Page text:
The manual focus tools work well. Focus peaking is effective, and as with any camera, you'll need to work out how the displayed peaking level relates to actual subject distance. We found, particularly in outdoor shooting, that the peaking will sometimes indicate everything as being in focus, even though it isn't - regardless of peaking intensity. Something that would make manual focus easier is a distance guide, which isn't available for stills, either.
One last thing worth pointing out is that there is a roughly one second delay between the time you press the red button and when recording actually begins.
Its full sensor readout and high bit rate allows the RX100 III to produce noticeably higher resolution video compared not only to its predecessors, but nearly all of the other cameras in the above widget. In the initial scene above, you can easily see how much crisper everything looks compared to the RX100 II. The amount of moiré is quite a bit lower, as well. One other camera that uses full sensor readout is the Sony Cyber-shot DSC-RX10, andare nearly identical to that of the RX100 III. (The RX10 doesn't offer the XAVC S codec, though.)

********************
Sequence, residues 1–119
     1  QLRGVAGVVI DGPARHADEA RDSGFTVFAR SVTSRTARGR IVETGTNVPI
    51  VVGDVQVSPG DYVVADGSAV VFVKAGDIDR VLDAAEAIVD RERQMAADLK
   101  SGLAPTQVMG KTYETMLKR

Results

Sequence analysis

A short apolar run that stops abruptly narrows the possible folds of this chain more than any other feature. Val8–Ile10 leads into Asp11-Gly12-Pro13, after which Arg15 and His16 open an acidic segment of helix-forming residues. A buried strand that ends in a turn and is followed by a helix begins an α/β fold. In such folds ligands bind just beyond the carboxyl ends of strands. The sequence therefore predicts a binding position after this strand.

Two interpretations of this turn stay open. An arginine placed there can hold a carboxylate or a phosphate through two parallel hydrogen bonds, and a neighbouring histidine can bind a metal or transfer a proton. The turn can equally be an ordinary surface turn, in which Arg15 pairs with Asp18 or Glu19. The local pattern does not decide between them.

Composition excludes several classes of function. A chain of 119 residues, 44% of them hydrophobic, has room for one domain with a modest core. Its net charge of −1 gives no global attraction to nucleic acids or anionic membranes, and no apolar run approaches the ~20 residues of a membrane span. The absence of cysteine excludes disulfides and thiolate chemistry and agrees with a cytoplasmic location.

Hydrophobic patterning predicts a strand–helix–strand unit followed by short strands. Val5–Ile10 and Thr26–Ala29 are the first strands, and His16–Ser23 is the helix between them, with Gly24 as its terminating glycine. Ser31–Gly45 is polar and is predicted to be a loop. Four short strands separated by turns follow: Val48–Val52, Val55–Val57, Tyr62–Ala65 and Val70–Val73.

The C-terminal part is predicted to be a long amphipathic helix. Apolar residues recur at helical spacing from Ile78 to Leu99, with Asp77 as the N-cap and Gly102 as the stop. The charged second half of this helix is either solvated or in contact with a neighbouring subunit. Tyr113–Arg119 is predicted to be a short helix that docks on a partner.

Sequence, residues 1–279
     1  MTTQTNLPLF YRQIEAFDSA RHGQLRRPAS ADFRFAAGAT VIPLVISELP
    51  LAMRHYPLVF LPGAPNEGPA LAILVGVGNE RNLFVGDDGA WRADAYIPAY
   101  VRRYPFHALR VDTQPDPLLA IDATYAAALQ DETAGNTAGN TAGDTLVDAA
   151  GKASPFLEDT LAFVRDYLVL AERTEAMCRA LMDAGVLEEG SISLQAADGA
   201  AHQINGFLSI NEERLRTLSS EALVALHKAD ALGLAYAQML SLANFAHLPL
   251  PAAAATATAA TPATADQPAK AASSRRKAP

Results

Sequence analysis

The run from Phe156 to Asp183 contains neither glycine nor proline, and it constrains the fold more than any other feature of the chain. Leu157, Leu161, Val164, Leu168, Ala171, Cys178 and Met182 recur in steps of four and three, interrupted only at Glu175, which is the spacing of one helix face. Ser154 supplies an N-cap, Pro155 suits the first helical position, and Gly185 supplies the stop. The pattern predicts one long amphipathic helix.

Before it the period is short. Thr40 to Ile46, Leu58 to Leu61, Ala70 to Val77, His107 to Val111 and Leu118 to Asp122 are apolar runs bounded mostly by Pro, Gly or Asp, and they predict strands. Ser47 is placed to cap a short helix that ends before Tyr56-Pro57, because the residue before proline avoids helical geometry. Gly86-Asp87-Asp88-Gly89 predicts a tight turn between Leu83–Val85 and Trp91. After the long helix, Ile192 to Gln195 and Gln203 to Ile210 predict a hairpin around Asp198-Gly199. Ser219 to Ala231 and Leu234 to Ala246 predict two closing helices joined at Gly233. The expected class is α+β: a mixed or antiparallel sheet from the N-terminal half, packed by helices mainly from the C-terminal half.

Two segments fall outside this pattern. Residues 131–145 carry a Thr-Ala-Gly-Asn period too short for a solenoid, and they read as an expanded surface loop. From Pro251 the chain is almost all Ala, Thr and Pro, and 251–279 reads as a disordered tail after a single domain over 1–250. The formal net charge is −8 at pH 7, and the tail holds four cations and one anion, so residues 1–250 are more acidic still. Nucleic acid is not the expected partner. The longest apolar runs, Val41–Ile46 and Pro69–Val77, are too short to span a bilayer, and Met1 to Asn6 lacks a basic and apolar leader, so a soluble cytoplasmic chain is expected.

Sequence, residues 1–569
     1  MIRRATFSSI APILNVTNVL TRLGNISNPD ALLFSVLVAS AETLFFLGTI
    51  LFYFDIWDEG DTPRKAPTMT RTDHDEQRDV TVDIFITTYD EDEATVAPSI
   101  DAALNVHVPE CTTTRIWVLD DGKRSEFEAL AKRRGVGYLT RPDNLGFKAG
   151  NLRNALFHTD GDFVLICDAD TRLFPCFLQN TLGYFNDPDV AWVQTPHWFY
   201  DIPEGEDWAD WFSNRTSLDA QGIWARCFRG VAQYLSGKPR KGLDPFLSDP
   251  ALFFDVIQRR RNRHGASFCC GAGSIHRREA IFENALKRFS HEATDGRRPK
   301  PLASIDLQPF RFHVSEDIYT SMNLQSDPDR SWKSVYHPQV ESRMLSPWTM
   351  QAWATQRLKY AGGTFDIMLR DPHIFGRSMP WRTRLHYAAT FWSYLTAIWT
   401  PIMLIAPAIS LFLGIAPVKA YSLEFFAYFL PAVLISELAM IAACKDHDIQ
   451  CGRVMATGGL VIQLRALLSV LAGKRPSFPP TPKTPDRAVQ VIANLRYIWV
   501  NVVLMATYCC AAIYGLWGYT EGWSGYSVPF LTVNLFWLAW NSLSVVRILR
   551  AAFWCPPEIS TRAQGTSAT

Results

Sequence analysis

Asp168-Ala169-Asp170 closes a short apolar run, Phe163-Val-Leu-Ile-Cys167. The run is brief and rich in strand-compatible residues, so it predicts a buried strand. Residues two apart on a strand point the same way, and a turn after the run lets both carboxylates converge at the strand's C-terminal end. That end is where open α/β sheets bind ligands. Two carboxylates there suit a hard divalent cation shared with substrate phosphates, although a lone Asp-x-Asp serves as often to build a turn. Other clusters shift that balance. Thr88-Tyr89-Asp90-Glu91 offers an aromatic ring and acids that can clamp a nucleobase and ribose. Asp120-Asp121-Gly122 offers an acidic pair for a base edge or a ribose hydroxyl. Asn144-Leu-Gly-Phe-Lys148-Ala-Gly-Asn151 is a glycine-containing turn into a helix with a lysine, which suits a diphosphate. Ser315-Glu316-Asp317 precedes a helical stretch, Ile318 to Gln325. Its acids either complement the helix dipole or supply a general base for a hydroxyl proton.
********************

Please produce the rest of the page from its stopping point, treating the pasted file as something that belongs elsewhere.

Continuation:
Other enthusiast compacts can't keep up with the RX100 III -, despite its larger sensor. And, if you think that a full frame camera will perform better, we have . The bottom line here is that full sensor readout is a real game-changer in the world of digital video.
Hand-held sample, SteadyShot Standard.
|1920x1080 60p 50Mbps, MOV, 7 sec, 39 MB Click here to download original file|
1080p60, 1/125sec shutter speed. Shot on tripod.
|1920x1080 60p 50Mbps, MOV, 7 sec, 42.9 MB Click here to download original file|
1080p60, 1/125sec shutter speed. Hand held, SteadyShot Active.
|1920x1080 60p 50Mbps, MOV, 20 sec, 125 MB Click here to download original file|
This sequence was shot hand-held with 'Active' SteadyShot. 1080p24, 1/125sec shutter speed.
|1920x1080 24p 50Mbps, MOV, 26 sec, 161.3 MB Click here to download original file|
This sequence was shot hand-held with 'Active' SteadyShot. 1080p24, 1/125sec shutter speed.
|1920x1080 24p 50Mbps, MOV, 26 sec, 173.7 MB Click here to download original file|
Nov 2, 2016